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April 1972 · Vol. 1 No. 2 · pp. 69–70 

Book Review

People Movements in Southern Polynesia: A Study in Church Growth

Alan R. Tippett. Chicago, IL: Moody, 1971. 288 pages.

Reviewed by Paul G. Hiebert

Although in the last two centuries the church has been involved in one of the greatest mission programs in her history, there have been relatively few studies of the movement which combine a balanced view of divine activity and the human processes involved in order to learn for the future. It is a delight, therefore, to read Tippett’s study of the movements which led to the Christianization of most of the people on the island chains of Tahiti, Tonga, Samoa, and New Zealand in the South Pacific during the early and middle 1800s.

The four regions are well chosen to contrast different methods used to evangelize people. In Tonga [correction: Tahiti], missionaries from the London Missionary Society labored sixteen years with no success. They were under instructions to evangelize the islanders by civilizing them first. The first break came when the king decided to follow the God of the missionaries when he was vexed with his own gods who failed him. In a dramatic encounter he rejected his old gods to become a Christian. When others saw that the old gods did not harm him and saw the change in his life, they followed in large groups. Into this crucial situation came John Williams with a teaching ministry, instructing the new converts in the growth and sanctification of their spiritual lives.

In New Zealand the Church Missionary Society began work among the Maori, seeking to civilize them in order to bring them to Christ. After some initial success in which some tribesmen turned to Christ, the missionaries were distracted by concerns for economic development and orders that they minister increasingly to the European settlers on the islands. Consequently the tribal people never were instructed in the Bible and the processes of conversion were arrested and incomplete. Alienated by the European settlers and churches, tribal Christianity turned nativistic and ended in a weak and incomplete church.

In Tonga the Wesleyans began a work which stressed evangelism and sanctification. The results were amazing, so much so that the church spread through indigenous means and sent leaders to Samoa, which by the decision of the mission boards came under the jurisdiction of the London Mission Society. God’s moving was not confined by administrative lines of comity. In Tonga the church was strong. In Samoa denominational conflicts hindered its full development and rivalries developed between the two segments.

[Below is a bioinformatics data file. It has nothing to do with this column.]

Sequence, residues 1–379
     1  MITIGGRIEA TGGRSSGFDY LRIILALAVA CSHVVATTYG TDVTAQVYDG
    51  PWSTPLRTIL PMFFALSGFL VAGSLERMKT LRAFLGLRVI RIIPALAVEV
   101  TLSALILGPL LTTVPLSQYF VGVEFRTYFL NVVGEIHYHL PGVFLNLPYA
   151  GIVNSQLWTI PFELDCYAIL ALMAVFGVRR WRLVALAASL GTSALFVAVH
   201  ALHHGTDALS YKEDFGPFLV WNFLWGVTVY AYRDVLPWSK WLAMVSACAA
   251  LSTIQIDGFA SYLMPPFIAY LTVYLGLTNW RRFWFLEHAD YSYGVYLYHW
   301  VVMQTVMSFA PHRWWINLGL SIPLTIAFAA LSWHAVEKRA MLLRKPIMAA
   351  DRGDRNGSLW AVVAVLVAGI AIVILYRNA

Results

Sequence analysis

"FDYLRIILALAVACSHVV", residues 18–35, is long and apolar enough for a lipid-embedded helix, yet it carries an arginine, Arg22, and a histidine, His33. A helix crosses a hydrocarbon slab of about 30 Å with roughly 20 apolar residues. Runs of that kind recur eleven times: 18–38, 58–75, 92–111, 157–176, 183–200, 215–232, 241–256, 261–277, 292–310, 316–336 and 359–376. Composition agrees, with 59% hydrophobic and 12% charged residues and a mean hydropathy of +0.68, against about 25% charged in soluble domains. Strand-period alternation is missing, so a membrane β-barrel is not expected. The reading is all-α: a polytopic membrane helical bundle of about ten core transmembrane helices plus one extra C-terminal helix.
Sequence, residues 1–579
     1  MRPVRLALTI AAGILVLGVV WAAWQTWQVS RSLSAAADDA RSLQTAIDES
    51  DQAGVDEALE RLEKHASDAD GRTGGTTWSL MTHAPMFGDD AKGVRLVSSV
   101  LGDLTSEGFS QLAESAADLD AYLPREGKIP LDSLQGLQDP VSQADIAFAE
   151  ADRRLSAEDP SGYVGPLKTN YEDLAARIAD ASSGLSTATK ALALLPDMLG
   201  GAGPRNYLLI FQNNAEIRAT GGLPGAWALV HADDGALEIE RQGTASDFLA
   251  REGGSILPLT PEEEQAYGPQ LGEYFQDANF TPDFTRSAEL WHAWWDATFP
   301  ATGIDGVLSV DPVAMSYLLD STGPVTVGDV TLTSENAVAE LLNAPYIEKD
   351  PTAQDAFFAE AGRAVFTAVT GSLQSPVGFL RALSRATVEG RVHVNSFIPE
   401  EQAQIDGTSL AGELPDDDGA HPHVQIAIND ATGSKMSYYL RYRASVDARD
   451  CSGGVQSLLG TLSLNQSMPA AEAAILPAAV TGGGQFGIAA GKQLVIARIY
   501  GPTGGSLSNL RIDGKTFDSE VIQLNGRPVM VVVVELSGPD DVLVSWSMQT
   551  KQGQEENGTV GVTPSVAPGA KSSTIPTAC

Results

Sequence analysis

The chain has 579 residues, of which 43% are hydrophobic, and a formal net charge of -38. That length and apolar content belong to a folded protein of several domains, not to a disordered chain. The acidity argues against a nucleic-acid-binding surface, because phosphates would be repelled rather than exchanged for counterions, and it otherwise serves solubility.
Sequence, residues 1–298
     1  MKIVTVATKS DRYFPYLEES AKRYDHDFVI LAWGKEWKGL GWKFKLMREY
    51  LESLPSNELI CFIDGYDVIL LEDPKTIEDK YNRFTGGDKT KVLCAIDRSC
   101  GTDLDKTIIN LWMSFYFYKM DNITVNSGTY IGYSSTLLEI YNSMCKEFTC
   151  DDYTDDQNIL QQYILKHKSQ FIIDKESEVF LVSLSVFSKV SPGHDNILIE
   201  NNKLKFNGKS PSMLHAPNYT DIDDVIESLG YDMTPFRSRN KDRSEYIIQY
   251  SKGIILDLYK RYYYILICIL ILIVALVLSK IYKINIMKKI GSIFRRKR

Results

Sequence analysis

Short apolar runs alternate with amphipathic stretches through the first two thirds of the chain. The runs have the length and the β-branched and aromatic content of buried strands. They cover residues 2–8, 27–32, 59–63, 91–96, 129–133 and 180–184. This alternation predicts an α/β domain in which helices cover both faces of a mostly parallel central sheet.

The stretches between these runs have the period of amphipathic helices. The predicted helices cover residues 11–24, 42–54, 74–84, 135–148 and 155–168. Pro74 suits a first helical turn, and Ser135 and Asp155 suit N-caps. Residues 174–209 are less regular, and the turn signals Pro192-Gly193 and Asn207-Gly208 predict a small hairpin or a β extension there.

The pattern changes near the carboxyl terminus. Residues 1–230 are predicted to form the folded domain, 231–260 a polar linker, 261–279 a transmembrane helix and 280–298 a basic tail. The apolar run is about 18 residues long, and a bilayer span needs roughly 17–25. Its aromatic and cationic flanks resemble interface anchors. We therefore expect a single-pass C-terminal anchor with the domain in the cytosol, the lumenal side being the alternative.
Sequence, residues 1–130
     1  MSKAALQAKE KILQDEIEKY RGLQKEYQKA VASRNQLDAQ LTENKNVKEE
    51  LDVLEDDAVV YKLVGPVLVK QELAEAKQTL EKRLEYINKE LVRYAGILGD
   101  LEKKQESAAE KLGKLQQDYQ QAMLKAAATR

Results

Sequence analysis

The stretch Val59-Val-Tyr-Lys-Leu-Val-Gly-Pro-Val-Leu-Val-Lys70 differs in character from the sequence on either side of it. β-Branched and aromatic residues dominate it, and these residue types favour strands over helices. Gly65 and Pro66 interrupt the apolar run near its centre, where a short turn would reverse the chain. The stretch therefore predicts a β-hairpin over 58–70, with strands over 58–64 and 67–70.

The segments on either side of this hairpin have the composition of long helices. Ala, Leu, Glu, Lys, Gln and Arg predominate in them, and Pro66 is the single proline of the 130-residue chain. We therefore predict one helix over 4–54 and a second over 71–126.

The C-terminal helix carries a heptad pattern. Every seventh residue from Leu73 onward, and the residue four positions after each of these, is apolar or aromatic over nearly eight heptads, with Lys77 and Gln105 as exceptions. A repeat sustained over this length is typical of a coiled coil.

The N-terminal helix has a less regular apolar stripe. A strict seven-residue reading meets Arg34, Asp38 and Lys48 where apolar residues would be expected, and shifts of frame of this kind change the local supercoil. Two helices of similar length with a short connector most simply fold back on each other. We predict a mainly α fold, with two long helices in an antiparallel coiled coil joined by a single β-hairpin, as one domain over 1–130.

Using these well documented studies as a base, Tippett turns to a theoretical study of missionary methods. He shows that efforts to evangelize by processes of civilizing failed. As a Moravian mission historian pointed out, “There is no need of preparing the way for the gospel, it makes a way {70} for itself. . . .” Tippett cautions that we must understand the missionaries in the context of their time, in the colonial spirit of the day. To the extent mission was identified with colonialism it was weak. To the extent it used indigenous means and leaders it grew.

Tippett analyzes the tribal responses in social and psychological terms without detracting from the work of the Holy Spirit in and through these human structures. On the basis of the results he supports the validity of people movements—movements where people in families and large groups turn to Christ. He notes, however, that the initial turning to Christ is incomplete in itself. It opens the door to further instruction and experiences of sanctification and growth. Where these are lacking the church is weak or becomes syncretistic.

This book is worth reading by those seriously interested in missions. At times the sequence of events and persons is hard to keep straight. Nevertheless, the overall picture is clear. It should also be read by those involved in mission decision making. We cannot undo the mistakes of the past. We can, however, learn from them.

Prof. Paul Hiebert, Dept. of Asian Studies
Kansas State University

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